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Housing Justice Leaders Stand with Tish James in Calling Out 100 Worst Landlords

By Akosua K. Albritton

NYC Public Advocate Letitia “Tish” James held a press conference in the company of long-standing housing rights nonprofits at City Hall on Thursday, October 13, 2016. Tish James presented the “2016 100 Worst Landlords in New York City” list. The top 5 “Worsts” include Harry D. Silverstein (8 buildings), Allan Goldman (25 buildings), Efstlathios Valiotis (8 buildings), Martin Kirzner (11 buildings), and in fifth place, Ved Parkash (4 buildings).

In between chants of “Tenants United Will Never Be Defeated” and “Fight! Fight! Fight! Housing is a Right”, various elected officials and housing justice leaders came to the podium to talk about the issues of basic livable conditions and demands, deferred maintenance, increasing rent and gentrification.

Some groups represented particular boroughs or neighborhoods, while others were citywide service providers. From Brooklyn came the Fifth Avenue Committee, Crown Heights Tenant Union, CAMBA, IMPACCT and representing the Bronx was Banana Kelly Community Improvement Association (Banana Kelly). Citywide housing justice groups attending the rally included Association of Neighborhood Housing Developer (ANHD, with a membership of 95 nonprofits), HASA (HIV/AIDS Services Administration), CASA (Court-Appointed Special Advocates for Children), Asian-Americans for Equality and Make the Road New York.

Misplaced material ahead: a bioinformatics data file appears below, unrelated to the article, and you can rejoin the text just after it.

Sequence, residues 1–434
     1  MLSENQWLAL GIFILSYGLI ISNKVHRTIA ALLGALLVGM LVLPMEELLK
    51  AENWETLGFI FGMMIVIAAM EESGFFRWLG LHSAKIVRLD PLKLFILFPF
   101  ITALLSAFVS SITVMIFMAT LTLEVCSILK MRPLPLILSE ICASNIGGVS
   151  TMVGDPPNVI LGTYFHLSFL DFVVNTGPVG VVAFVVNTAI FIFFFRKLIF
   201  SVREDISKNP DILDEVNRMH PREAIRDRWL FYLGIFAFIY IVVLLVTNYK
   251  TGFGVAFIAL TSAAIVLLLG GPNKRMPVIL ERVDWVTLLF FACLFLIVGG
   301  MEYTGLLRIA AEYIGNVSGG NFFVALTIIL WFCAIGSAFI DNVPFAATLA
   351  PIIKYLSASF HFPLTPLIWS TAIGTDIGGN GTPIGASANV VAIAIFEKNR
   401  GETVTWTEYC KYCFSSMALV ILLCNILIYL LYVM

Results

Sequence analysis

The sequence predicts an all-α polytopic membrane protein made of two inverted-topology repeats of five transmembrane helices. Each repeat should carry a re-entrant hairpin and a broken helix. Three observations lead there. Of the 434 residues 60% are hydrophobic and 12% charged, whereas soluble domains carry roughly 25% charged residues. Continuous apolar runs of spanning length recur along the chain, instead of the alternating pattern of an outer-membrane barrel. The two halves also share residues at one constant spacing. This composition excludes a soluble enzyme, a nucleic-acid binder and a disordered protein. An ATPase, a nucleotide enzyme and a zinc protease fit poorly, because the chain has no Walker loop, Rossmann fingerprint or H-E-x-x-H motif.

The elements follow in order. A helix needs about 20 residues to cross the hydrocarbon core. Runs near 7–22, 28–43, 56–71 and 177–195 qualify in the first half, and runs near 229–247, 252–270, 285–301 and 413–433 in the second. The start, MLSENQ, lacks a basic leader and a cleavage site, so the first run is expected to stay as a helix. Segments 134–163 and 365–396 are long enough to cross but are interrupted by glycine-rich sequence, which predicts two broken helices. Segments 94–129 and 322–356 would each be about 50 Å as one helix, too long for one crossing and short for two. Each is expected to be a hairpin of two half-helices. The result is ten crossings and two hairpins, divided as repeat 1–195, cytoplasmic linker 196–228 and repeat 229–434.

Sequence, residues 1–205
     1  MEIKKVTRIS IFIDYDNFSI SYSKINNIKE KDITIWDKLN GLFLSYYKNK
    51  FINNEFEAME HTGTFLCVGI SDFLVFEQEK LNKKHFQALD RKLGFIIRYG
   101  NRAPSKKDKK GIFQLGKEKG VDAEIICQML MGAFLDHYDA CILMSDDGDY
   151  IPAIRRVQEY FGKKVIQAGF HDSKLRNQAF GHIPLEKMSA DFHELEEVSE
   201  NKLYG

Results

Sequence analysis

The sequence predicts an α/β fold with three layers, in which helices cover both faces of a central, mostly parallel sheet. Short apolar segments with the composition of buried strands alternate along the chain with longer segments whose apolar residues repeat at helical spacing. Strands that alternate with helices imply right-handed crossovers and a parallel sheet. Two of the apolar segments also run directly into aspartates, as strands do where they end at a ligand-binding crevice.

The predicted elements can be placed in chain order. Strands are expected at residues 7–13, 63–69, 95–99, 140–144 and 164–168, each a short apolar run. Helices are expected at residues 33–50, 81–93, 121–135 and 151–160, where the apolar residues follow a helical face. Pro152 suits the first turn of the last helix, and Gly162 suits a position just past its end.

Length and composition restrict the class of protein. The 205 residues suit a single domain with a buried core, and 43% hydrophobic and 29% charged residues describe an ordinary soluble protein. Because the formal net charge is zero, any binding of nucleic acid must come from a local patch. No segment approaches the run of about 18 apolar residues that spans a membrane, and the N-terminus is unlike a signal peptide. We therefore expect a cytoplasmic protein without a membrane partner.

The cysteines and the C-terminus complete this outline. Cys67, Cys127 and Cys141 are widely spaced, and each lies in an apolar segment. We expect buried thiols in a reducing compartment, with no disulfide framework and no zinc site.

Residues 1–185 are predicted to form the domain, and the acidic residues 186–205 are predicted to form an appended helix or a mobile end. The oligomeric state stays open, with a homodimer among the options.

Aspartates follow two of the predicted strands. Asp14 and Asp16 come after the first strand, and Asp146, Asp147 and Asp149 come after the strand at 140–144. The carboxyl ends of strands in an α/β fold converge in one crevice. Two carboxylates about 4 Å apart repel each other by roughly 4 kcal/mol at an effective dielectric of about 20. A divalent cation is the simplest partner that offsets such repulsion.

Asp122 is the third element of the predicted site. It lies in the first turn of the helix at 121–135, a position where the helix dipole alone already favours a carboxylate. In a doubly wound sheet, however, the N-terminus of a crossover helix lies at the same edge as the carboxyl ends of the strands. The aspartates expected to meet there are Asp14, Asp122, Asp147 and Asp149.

Crown Heights Tenant Union, created in 2013, is a relatively new housing body; however, it counts 14 multiple dwelling buildings in Brooklyn Community District 8 and 19 buildings in Brooklyn Community District 9 as part of the union of tenants who take their landlords to task to provide habitable units immediately. Donna Mossman, one of the group’s founding members, came to the podium to applaud the groups who were present at the rally and to encourage the body in their tenant advocacy.

In addition to the landlord list, the Public Advocate demanded such essential housing needs as “no vermin and no holes within a building or an apartment; all housing units being free of lead paint; no illegal evictions and landlords ensuring the warranty of habitability is in place”. James also advised renters to “know your rights about a cash buyout”.

Harold DeRienzo, President of Banana Kelly, added his voice by stating: “Banana Kelly has worked over these past 40 years to preserve and create affordable housing in the South Bronx. We work hard to maintain affordability – our average rent is about $900 a month, compared to $1,950 for the Bronx as a whole. But now that we have redeveloped areas like the South Bronx, we are seeing speculators and owners looking to take advantage of profit-making opportunities.”

DeRienzo explains the speculators use “tactics to push out tenants”. These tactics range from “owners, directly or through their agents, making life so uncomfortable, creating such a nuisance, and generally making life so unbearable for tenants that they either leave on their own or are willing to take “buyouts” to leave voluntarily to doing other things to skirt the building code rules while using the excuse of “making improvements” that are never fully completed until tenants move out”.

James added the demand to alter the calculation of the Area Median Income (AMI) from using areas within the New York City MSA to calculating it based on the zip codes that cover the five boroughs.

This rally was indeed rousing and a time for groups across New York City to coalesce. But what is the reality of dispensing housing services back in the neighborhoods? How are neighborhood preservationists fairing financially and tactically?